Presentation on theme: "Nonverbal Behavior and the Expressions of emotions Made by Agne Dambrauskaite."— Presentation transcript:
Nonverbal Behavior and the Expressions of emotions Made by Agne Dambrauskaite
Content Emotions The nature of emotions Which culture most controls their facial emotions? Nonverbal behavior Nonverbal behavior in different countries Examples of body language
Emotions People feel at least 6 basic emotions: 1. Anger 2. Joy 3. Disgust 4. Fear 5. Sadness 6. Surprise
Emotions The basic emotions appear very early, and people learn to identify the same emotions before they go to school. It is claimed, that certain facial expressions and emotions are programmed into human beings by their genes.
Emotions First of all, newborns make an early sign of fear, interest and disgust. Babies are smiling at people they recognize at about 4 to 6 weeks of age. At 3 or 4 months they are expressing anger, surprise and sadness.
The nature of Emotions Emotions are made up of subjective, behavioral and psychological components. 1. Subjective components: Harold Schlosberg found 3 dimensions that describe feelings reflected on faces: a) The first dimension goes from pleasant to unpleasant; b) The second scale goes from attention to the experience, at one end, to rejection of it, at the other ; c) The third dimension goes from intense, at one extreme, to neutral, at the other.
The nature of Emotions Behavioral components: a) Facial expressions affect observers more directly. a) Gestures and actions. In young children, emotion are often accompanied by predictable behavior.
The nature of Emotions Psychological components: 1. Are psychological reactions to all emotions similar? 2. Are psychological reactions to the same emotions uniform?
Which Culture Most Controls Their Facial Emotions? Russians most tightly control the display of their emotions. Americans display the least control over their facial expressions.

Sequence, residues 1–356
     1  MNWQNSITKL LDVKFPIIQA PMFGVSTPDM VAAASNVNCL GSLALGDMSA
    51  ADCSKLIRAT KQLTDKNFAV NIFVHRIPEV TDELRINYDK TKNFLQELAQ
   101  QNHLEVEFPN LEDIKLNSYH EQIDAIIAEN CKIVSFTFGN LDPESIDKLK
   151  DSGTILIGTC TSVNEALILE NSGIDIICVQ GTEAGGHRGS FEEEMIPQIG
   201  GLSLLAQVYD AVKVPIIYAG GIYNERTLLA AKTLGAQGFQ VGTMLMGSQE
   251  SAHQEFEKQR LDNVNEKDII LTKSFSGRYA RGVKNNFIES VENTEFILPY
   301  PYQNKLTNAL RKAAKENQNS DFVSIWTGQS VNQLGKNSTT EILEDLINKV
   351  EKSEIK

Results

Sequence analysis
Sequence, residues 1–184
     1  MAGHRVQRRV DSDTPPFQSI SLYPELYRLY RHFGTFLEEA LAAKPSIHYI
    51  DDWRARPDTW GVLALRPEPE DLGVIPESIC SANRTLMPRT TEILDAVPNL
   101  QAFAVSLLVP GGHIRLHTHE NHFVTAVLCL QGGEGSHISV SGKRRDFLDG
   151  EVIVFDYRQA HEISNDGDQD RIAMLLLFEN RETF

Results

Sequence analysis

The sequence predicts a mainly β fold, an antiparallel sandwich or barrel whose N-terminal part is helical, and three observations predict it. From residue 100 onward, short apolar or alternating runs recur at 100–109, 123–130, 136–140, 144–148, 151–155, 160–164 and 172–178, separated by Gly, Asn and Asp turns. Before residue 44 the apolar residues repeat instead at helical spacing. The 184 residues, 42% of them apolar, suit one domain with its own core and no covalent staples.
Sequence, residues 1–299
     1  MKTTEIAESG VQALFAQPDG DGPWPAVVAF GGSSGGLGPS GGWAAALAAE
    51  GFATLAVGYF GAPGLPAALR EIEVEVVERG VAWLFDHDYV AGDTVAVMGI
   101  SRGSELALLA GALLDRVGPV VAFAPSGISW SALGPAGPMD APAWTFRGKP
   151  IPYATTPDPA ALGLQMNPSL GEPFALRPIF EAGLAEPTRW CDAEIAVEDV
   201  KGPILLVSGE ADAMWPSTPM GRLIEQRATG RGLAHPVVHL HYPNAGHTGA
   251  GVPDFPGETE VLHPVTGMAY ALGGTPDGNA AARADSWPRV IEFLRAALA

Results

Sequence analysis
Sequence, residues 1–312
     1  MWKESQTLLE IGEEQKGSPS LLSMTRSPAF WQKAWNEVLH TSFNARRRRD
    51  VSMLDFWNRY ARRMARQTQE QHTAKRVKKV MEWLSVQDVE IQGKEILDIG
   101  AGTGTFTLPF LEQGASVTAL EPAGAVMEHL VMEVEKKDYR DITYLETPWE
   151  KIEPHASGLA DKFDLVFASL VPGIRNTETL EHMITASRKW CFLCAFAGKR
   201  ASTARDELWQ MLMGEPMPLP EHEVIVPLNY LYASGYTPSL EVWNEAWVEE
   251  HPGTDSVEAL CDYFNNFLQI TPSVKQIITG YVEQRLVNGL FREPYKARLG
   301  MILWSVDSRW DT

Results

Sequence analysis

Nonverbal behavior Mehrabian (1971) found that non-verbal aspects were a significant part of communication, particularly when mixed messages are sent ; Nonverbal behavior is usually understood as the process of communication through sending and receiving wordless messages.
Nonverbal behavior It can be used for: 1. Expressing emotion (e.g. smiling to show happiness) 2. Conveying attitudes (e.g. staring to show aggression) 3. Demonstrating personality traits (e.g. open palms to show accepting qualities)
Examples Of Body Language NONVERBAL BEHAVIORINTERPRETATION Brisk, erect walkConfidence Standing with hands on hipsReadiness, aggression Sitting with legs crossed, foot kicking slightlyBoredom Sitting, legs apartOpen, relaxed Arms crossed on chestDefensiveness
Nonverbal behavior in different countries Non-verbal behavior also varies across cultures. 1. People from collectivist countries (Japan) try to hide both positive and negative emotions. 2. Asian and African cultures are taught to avoid eye contact. 3. Cues communicating immediacy in western culture may be considered aggressive in other countries.
Can you guess the meaning of this Japanese gesture? a. I'm scared like a bunny b. I've been hearing things about you c. I'm angryI'm scared like a bunnyI've been hearing things about youI'm angry
Can you try to guess what this French gesture means? a. I don't believe you b. I wish I hadn't seen that c. I am looking at a very handsome manI don't believe youI wish I hadn't seen thatI am looking at a very handsome man
Conclusion From our handshakes to our hairstyles, nonverbal details reveal who we are and impact how we relate to other people. By paying closer attention to other people's nonverbal behaviors, you will improve your own ability to communicate nonverbally.